When historians look back on this current period, they will see the seismic change in the United States with the election of Obama. How he changed what is possible in this country. During my time, anyone who was Anglo, protestant, white and male could grow up to be President. The exception was Kennedy.
Obama is a complete manifestation of the expression, “you can be president of the United States.”
Barack and Michelle also have given affirmation to the validity of black love. They have shown that love and family, central traditions, partnerships, do exist and they are valuable to us, and viable in the black community as opposed to that elevation of pathology that Donald Trump is engaging in.
The Obamas give lie to American myths about people of color.
They give affirmation of something else that we all have deep, deep down inside, and so many of us have born witness to.
The appearance of Michelle Obama means a great deal to black women cross the spectrum of the black community across the community.
She is dark skinned with African features. He chose her, he married her, and built a family with her.
And that has meant a lot.
My wife, Valerie, said that’s what got Baraka over. Michelle has come on to be the definitive First Lady of the 21st century. She is the most profound First Lady since Eleanor Roosevelt. She has set a bar that every first lady is expected to meet.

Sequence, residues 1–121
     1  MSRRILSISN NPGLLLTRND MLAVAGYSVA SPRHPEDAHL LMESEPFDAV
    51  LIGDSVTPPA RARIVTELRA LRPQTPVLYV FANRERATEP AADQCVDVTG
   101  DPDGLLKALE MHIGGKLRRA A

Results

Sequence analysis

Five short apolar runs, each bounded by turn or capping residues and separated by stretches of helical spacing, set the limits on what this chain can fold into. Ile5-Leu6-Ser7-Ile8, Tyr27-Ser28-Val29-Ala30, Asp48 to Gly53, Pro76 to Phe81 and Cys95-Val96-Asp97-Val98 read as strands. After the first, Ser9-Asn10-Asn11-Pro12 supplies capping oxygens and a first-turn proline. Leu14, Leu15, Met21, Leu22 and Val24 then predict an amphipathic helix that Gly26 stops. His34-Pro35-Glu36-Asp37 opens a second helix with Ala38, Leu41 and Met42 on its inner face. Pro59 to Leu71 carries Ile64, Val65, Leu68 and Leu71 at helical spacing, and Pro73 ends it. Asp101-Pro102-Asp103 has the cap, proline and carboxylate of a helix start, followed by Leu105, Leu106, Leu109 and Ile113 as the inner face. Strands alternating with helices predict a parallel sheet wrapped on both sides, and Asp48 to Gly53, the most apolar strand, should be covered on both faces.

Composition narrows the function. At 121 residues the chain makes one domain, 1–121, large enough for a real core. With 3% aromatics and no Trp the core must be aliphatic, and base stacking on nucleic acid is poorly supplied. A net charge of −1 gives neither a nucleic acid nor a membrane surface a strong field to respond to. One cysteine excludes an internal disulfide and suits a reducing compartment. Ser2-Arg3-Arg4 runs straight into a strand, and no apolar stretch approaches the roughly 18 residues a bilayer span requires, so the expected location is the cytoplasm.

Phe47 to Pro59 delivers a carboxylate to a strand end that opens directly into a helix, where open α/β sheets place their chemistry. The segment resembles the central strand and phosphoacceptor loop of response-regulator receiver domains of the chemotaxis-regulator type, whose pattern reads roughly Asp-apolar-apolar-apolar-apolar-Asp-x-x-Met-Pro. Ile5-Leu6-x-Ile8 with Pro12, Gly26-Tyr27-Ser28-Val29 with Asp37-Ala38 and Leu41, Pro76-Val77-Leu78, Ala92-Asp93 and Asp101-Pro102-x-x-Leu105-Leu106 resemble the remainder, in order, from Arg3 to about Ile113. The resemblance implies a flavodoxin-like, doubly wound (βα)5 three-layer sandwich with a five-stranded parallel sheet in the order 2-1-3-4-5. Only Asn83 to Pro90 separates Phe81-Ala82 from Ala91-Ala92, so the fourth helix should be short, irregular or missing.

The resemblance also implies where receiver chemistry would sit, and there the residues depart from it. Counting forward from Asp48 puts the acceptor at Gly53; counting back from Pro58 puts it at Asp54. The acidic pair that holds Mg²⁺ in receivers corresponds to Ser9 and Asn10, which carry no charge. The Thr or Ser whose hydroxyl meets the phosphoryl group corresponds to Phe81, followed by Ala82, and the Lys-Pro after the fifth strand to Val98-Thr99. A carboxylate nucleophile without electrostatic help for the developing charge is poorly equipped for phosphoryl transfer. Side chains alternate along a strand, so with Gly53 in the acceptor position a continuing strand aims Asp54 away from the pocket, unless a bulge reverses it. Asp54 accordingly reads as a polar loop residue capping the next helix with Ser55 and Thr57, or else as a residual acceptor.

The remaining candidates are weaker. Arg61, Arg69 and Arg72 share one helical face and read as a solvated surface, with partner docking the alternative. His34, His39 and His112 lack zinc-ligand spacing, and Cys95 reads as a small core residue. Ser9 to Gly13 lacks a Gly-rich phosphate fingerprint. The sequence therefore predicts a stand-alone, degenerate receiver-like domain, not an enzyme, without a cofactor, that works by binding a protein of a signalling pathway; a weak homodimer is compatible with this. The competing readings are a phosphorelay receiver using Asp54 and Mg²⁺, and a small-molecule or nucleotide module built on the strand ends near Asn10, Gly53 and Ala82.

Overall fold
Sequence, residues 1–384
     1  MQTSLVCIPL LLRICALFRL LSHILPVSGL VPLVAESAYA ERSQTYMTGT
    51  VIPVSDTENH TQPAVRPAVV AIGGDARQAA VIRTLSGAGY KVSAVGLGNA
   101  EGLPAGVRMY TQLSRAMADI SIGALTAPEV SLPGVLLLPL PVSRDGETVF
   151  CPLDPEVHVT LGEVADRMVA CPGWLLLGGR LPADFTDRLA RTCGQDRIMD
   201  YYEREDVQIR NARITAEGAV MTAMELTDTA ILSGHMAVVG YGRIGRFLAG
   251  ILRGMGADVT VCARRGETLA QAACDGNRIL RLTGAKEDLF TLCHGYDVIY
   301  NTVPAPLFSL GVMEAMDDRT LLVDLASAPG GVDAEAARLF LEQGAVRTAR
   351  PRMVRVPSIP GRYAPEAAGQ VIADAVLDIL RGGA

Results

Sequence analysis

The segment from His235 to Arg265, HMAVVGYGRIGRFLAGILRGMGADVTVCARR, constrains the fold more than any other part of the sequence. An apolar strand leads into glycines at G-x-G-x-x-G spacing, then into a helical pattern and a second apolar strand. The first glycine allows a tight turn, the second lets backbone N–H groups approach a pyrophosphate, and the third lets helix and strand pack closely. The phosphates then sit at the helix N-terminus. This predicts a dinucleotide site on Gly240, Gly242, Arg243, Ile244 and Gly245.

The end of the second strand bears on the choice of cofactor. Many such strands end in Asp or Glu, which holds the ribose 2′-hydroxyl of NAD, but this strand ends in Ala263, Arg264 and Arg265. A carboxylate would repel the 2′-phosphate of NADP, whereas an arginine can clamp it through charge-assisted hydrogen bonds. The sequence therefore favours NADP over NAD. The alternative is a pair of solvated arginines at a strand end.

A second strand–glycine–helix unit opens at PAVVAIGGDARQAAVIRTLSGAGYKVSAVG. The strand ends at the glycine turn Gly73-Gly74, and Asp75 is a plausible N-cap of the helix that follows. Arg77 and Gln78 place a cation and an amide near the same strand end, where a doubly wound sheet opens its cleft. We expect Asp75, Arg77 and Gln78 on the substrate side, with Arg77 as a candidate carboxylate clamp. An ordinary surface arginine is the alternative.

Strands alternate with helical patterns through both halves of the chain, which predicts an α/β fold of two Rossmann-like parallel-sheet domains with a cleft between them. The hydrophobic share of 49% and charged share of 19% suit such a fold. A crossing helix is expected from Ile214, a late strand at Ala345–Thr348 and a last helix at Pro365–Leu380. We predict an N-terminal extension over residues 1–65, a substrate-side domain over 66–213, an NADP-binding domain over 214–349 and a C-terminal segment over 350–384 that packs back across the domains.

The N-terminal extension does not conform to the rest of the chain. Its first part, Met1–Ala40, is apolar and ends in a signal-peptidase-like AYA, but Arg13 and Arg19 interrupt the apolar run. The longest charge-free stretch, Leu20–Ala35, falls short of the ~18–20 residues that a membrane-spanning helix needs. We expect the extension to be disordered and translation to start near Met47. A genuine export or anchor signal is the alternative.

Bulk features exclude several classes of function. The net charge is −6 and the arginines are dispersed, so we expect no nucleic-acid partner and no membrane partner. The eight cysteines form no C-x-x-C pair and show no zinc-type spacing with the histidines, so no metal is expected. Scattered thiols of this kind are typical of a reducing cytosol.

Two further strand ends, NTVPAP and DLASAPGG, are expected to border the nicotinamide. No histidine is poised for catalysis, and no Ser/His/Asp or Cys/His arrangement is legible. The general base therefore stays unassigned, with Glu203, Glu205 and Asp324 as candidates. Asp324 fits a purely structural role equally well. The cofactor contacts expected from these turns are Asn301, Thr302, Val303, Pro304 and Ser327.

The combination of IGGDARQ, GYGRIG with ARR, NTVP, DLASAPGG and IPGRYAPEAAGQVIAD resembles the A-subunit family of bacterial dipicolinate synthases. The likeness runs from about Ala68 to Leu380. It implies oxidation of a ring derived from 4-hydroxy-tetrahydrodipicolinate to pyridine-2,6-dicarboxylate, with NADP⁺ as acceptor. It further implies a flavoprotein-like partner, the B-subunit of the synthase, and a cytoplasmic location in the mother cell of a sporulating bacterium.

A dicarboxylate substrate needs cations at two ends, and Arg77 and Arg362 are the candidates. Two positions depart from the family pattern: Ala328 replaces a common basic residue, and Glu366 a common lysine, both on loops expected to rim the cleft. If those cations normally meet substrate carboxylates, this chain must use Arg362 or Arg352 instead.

In “Autumn” love is talked about tangentially. It’s going to have to show up in the play that follows this one.
Brooklyn is my favorite borough in all of New York City. When my wife and I decided to we were going to be a couple, this is where we lived.
In the early 1970’s, I used to take the A train to Nostrand Avenue stop and walk south across Atlantic Avenue to see my sister. It was the time of some political greats, and Brooklyn was the center of Black politics with Shirley Chisholm, Major Owens, Al Vann beginning his political career.
I used to go to The Slave Theatre on Fulton Street to see cultural events.
Two of my plays, “Gone through Changes” and “The Past is the Past” were mounted at The Billie Holiday Theatre back in the 70’s.
Brooklyn’s in my consciousness forever …
It is a period of transition, part of the process of renewing. It’s also a period for reflection, and getting ready for what is to come next.
For more information, visit: www.thebillieholiday.org